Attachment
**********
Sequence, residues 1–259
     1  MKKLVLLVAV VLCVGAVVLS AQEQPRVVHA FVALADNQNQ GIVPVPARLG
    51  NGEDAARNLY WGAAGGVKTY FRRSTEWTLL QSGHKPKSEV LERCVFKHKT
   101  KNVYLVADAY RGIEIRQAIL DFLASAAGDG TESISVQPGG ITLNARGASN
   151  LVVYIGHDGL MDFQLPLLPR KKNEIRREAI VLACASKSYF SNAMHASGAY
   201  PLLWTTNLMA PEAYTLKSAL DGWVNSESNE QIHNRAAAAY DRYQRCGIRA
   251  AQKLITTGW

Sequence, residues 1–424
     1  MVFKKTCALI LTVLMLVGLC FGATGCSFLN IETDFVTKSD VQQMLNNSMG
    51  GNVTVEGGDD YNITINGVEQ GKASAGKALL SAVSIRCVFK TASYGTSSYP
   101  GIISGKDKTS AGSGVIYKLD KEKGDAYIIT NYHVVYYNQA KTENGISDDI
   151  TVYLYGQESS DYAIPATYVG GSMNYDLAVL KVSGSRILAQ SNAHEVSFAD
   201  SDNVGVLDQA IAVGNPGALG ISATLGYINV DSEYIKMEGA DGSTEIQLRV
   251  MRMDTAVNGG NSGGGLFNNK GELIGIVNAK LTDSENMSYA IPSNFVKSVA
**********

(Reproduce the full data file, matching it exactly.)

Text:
Sequence, residues 1–259
     1  MKKLVLLVAV VLCVGAVVLS AQEQPRVVHA FVALADNQNQ GIVPVPARLG
    51  NGEDAARNLY WGAAGGVKTY FRRSTEWTLL QSGHKPKSEV LERCVFKHKT
   101  KNVYLVADAY RGIEIRQAIL DFLASAAGDG TESISVQPGG ITLNARGASN
   151  LVVYIGHDGL MDFQLPLLPR KKNEIRREAI VLACASKSYF SNAMHASGAY
   201  PLLWTTNLMA PEAYTLKSAL DGWVNSESNE QIHNRAAAAY DRYQRCGIRA
   251  AQKLITTGW

Sequence, residues 1–424
     1  MVFKKTCALI LTVLMLVGLC FGATGCSFLN IETDFVTKSD VQQMLNNSMG
    51  GNVTVEGGDD YNITINGVEQ GKASAGKALL SAVSIRCVFK TASYGTSSYP
   101  GIISGKDKTS AGSGVIYKLD KEKGDAYIIT NYHVVYYNQA KTENGISDDI
   151  TVYLYGQESS DYAIPATYVG GSMNYDLAVL KVSGSRILAQ SNAHEVSFAD
   201  SDNVGVLDQA IAVGNPGALG ISATLGYINV DSEYIKMEGA DGSTEIQLRV
   251  MRMDTAVNGG NSGGGLFNNK GELIGIVNAK LTDSENMSYA IPSNFVKSVA